Recondite Plants: what are they? where are they? #1

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The hacks of advertising and popular culture deem that the "common person" has a very low I.Q., Hence the fear of "elitism" and a desire to aim at the lowest common denominator. On the other hand, you must admit that there is a basic yearning for the rare, the unique, the recondite*. Hence treasure hunts,diamonds, unicorns and rare book rooms at libraries. For some of us the obscure, the novel and the strange invariably trump the common, the ordinary, the humdrum. I guess I have to admit I'm at elitist!

Early September boasts its share of recondite treasures. Some, like the western rock spiraea (Petrophytum caespitosum) are widespread plants in nature, clinging to limestone cliffs from British Columbia to Mexico. You can find this quite a few special places in  Colorado, but most wildflower lovers miss it because it blooms so late, and grows on relatively inaccessible cliffs. You can find this perfect specimen, however, growing in the Glenwood Springs trough in Wildflower Treasures at Denver Botanic Gardens, looking just as it does by the tunnel on I-70 just east of Glenwood Springs. Only for most of us, it's a shorter drive to the Gardens. I can't think of another public garden anywhere on earth with such a perfect specimen: I think that qualifies as recondite:

Dictionary.com defines recondite as:

1. dealing with very profound, difficult or abstruse subject matter: a recondite treatise.

2. beyond ordinary knowledge or understanding; esoteric: recondite principles.

3. little known; obscure: a recondite fact.

Comments

Mark Turner
You've opened my eyes to another member of this small alpine genus. From my Pacific Northwest perspective I only knew of the Olympic mountain endemic <em>Petrophyton hendersonii</em>, Olympic Rockmat. My interest piqued, I found that there's a second Washington state endemic in the genus, <em>P. cinerascens</em> that only grows along 17 miles of the Columbia River near Wenatchee that I've not seen. It also blooms late. There's another local one down in California. But the treasure in your trough is indeed widespread in the west, just not in my part of the continent.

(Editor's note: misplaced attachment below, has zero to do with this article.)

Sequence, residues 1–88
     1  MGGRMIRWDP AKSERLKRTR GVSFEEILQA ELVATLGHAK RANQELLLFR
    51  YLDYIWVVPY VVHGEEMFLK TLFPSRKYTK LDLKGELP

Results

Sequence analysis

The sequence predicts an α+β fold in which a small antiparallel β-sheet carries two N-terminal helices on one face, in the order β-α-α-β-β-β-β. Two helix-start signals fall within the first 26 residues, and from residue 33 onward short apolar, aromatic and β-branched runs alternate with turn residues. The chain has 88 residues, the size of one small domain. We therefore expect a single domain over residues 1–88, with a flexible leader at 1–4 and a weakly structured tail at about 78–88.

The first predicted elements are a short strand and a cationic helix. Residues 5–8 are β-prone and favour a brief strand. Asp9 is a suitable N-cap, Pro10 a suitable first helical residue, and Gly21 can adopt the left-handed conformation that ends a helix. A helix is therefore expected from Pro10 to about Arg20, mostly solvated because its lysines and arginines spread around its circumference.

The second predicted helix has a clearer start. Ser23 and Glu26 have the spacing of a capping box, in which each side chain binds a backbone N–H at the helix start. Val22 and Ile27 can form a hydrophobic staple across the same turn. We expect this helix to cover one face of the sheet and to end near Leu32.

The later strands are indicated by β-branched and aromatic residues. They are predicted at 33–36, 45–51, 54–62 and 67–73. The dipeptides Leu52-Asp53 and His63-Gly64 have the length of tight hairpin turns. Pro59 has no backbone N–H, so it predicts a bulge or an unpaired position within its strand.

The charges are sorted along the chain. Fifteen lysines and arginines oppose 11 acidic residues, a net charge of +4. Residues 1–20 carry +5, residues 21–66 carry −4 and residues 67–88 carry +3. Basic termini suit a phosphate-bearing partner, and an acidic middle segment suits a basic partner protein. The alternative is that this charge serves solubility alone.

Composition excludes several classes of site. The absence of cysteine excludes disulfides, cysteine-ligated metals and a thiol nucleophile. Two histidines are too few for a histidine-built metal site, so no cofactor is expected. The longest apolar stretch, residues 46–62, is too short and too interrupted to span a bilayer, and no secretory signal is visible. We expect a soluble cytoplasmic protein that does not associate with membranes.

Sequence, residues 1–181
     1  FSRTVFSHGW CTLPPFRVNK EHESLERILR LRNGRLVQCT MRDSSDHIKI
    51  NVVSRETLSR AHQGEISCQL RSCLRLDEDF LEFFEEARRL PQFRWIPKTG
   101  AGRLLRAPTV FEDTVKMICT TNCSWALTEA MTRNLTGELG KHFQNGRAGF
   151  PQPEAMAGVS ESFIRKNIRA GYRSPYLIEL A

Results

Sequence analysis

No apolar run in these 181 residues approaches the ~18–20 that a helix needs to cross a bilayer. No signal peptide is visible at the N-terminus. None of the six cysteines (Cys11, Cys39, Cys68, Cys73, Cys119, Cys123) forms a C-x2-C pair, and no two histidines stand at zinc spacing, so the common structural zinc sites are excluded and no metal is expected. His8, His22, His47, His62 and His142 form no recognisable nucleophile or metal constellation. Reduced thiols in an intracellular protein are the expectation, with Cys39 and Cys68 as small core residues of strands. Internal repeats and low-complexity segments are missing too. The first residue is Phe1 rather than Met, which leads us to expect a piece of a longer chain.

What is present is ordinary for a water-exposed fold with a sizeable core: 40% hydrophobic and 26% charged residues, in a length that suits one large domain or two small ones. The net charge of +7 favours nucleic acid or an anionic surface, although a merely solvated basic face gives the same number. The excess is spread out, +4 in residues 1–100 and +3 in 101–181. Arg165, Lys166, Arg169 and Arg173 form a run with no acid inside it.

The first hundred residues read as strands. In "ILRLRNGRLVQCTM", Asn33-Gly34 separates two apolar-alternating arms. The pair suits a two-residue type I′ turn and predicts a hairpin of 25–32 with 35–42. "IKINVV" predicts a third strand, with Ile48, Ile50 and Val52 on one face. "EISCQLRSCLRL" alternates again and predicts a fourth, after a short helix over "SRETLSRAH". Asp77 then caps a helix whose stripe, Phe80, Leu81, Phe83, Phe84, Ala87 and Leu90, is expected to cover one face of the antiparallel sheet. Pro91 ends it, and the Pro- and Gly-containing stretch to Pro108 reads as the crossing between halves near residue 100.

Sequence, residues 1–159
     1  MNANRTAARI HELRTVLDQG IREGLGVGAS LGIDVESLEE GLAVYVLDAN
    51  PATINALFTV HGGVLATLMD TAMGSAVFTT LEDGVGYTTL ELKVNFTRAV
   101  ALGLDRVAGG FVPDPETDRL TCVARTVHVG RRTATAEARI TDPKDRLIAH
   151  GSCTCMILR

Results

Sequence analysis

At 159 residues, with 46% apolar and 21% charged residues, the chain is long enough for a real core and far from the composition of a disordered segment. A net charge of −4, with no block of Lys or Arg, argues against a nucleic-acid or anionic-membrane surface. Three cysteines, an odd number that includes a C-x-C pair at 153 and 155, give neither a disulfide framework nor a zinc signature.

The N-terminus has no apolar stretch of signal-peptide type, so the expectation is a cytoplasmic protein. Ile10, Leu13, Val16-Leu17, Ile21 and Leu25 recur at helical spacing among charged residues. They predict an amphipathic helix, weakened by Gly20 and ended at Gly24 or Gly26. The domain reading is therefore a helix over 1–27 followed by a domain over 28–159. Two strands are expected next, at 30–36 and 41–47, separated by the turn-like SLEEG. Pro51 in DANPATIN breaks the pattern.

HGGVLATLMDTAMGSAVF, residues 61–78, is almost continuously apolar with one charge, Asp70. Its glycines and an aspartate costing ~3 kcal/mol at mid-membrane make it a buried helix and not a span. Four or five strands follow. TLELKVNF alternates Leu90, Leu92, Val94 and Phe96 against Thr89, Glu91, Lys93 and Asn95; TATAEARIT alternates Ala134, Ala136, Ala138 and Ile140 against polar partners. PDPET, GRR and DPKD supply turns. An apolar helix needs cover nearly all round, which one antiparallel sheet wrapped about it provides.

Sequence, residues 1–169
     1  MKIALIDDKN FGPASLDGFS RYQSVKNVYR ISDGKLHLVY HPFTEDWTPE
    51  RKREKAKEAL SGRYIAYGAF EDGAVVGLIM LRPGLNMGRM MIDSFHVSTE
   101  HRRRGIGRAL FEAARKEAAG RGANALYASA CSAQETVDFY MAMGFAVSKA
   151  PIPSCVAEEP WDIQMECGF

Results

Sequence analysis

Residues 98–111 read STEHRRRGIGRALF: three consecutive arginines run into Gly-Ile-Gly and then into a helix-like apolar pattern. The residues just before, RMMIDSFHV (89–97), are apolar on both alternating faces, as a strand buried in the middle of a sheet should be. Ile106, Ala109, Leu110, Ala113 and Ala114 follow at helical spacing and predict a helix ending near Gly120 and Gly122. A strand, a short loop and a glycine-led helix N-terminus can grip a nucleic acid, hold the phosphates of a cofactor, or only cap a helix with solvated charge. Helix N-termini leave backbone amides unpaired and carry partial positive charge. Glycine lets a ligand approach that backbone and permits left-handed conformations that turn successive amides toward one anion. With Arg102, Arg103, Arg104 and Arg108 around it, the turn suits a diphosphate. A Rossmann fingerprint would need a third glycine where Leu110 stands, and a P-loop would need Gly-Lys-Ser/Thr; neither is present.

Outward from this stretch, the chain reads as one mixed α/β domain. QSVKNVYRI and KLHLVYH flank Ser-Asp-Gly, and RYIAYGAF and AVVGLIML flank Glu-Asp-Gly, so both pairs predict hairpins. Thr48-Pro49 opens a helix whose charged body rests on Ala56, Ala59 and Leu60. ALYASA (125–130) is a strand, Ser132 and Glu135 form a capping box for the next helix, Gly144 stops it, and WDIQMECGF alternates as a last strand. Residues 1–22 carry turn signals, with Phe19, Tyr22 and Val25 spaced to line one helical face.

Panayoti Kelaidis
Mark, Thrilled you checked in on our blog here: I am amazed I could introduce you to any new plants, you have gotten around to so many. I have really enjoyed your wonderful book you wrote (and photographed!) with Phyllis. And I didn't know there was an endemic rock spiraea in California: you have me scurrying to look it up! Panayoti
Kelly Norris
Panayoti, Is seed of this available through NARGS? Do you know of anyone propagating it commercially? --Kelly Norris
Panayoti Kelaidis
I have often offered seed of Petrophytum through NARGS: I have a vigorous strain from Colorado I have grown for many years. Several Seedsmen (Alplains and Northwest Native seed) also collect it on a regular basis. The seed is miniscule, and the seedlings grow slowly, but it is definitely possible to grow, although I think it will need trough culture in most climates, or at least a crevice garden. Plants in nature can grow to be enormous and must be decades--probably hundreds of years old: some of the real treasures of the West.
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